waited to know what would be come next, presently two Seamen came
down who stiled [sic] themselves Constables, came down with their Faces
blackd [sic], deputed by Neptune to bring up Mr Nichols who was first
upon the List, they tied a Handkerchief over his Eyes and led him
up the after Hatchway, walking on each side of him with Tri-
-dents or Broomsticks in their Hands as marks of their Authority,
we soon heard a swashing of Water on Deck and a great deal of talk-
-ing and laughing, presently they came down for another and ano-
-ther and then for poor I, they blinded me, led me upon Deck,
and made me sit down, Oh this Gallows thinks I, however they
began to tell me, that Neptune was come on board, they hopd [sic] I would
not let him go without something to drink, and askd [sic] me how
much I proposd [sic] to give him, bidding me remember, the Gallows
the Razor and Lawder , "I'm shure [sic] I don't know, I am willing to
give the same as the Last, but how much; why – how much do you
want, one answers, the Gentleman wont think much of a Gal-
-low, no says another, half a one will do, the Captain says, why
he must give you ^ a Bottle, the same as the rest, yes Sir says Neptune
a Bottle will do, and addreƒsing himself to me, you'l [sic] give us a Bot-
-tle of Liquor Sir! O Yes, with all my Heart, then share give the Gen-
-tleman the white Lawder, accordingly they began to daub my face

and scrap [sic] it with the smooth edge of his Razor, tho I did not
find it remarkably so, when this was done, Now says Neptune
we must give him a wash, yes says another lay hold here and
give us a Hoist, but stand clear of the whip that he may
go down nicely – its only three Times Sir – yes thinks I that's
often enough – in a moment my Seat went from under me,
I fell back wds in the Water, ^ sluice comes half a Dozen buckets over me they took the Handkerchief off my
Eyes, and I found my self in a large Tub full of Water, and
every body with Buckets in their Hands in their Heaving at me –
on my left hand stood Neptune, his Wife our Gunners mate
and two other Seamen disguised as Neptune, his Wife and the
Barber, such horrid Figures, painted, plaisterd, [sic] blackd, [sic] Swabs
for Tails, [illegible] and Oatmeal instead of Powder and Po-
-manture, however, I got in amongst the rest, laid hold of a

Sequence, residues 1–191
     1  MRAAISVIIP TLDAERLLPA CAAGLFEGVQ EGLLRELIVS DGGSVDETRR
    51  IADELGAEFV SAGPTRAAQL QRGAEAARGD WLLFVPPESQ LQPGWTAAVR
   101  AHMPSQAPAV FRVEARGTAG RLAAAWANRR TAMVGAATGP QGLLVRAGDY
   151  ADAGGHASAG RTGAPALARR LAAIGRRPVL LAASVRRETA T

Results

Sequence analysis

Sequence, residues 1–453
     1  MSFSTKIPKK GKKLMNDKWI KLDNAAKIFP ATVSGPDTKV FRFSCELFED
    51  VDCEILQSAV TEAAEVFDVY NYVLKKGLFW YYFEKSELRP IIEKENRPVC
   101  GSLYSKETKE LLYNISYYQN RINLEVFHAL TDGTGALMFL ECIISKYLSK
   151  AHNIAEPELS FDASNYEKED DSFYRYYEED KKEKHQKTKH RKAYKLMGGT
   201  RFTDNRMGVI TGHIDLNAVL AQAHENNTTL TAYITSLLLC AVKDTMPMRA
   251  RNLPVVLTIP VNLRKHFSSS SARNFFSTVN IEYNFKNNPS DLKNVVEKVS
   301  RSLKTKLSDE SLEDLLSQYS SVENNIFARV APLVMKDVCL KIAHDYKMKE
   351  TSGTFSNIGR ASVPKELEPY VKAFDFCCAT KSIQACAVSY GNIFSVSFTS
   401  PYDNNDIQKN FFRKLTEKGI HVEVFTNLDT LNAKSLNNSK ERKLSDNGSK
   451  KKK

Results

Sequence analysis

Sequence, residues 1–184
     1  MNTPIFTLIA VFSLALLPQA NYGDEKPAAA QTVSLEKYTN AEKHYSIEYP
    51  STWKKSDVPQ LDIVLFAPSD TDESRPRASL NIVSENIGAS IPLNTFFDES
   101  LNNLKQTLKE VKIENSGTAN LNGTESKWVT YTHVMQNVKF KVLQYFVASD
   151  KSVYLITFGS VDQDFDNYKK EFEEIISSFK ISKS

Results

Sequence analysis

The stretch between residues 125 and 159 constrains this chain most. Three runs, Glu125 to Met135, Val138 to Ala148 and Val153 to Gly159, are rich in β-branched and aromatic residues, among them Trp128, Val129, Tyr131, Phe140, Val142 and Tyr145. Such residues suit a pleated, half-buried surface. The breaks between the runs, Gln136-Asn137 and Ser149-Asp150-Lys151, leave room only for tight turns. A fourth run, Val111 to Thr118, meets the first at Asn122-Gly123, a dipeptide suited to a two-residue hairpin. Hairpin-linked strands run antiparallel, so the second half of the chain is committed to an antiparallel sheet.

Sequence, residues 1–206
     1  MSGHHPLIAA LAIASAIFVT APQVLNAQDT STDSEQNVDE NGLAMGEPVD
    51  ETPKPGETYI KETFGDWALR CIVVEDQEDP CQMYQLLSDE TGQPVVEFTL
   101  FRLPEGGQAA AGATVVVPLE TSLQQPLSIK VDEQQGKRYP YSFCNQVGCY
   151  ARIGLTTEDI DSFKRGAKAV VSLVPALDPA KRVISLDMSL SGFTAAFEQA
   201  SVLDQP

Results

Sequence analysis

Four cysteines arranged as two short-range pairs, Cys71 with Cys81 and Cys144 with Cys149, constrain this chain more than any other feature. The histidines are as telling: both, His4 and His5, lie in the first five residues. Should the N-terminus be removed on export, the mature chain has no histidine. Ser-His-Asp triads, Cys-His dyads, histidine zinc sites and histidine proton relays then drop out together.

Bucket and without any Remorse of Conscience sluiced away
at the next poor Devil that came – some of the Gents who
had croƒsd [sic] the Line before got up into the Tops thinking
to escape getting wet, but they were pursued by those that
were so, ^ who had Buckets of Water handed up sent to them with
which they compleatly sluiced these prior Equatorians, so
that the only Advantage the [sic] reapd [sic] from having croƒsd [sic] the Line
before was not being shavd [sic], after every Man had been
brought up in Succeƒsion and undergone paƒsd under the Hands
of the Tonsor, a kind of Water War commenced, one Party
against an other, which ceasd [sic] gradually and was given
up at the Captains expreƒsing a Desire that it shoud [sic]
then every one went below, and put on dry Cloathes [sic] and
the whole was concluded by the Captains giving each
Man a Dram – thus this famous Ceremony ended.

Octr 6th Sun nearly vertical, of Course we have now
no Shadow, yet we do not find it remarkably warm
The fine trade wind makes it remarkably pleasant, our
Constitutions being tolerably well seasond [sic] to 74° of the Ther
about which it generally ^ stands, even this degree of Heat is equal
to the Artificial one raisd [sic] in Hot Houses in England and
10° higher than the common summer weather there
but to us who have stood it at 89 in the Shade which it was
at Teneriffe and I dare ^ say more than 100 on the burning Sand
on shore, it was is only a pleasant Temperature. –
We almost every Day see many Nautili or Portuguese
Men of War
which in the Night make a luminous Ap-
-pearance, not but that there may be many other shin-
-ing Substances which may also cause the same Appear-
-ance particularly that Sparkling which the is almost
always observd [sic] in low Latitudes in the Water put in Motion
by the Ship, this I think Mr Forster in his Treatise on
the Causes of these Appearances says is occasiond [sic] by small
Molluscae which at pleasure make a radiant Appearance
and when taken up in a Bucket had a very perceptable [sic]
Motion. –
Octr 11th a visible Eclipse of the , but by not being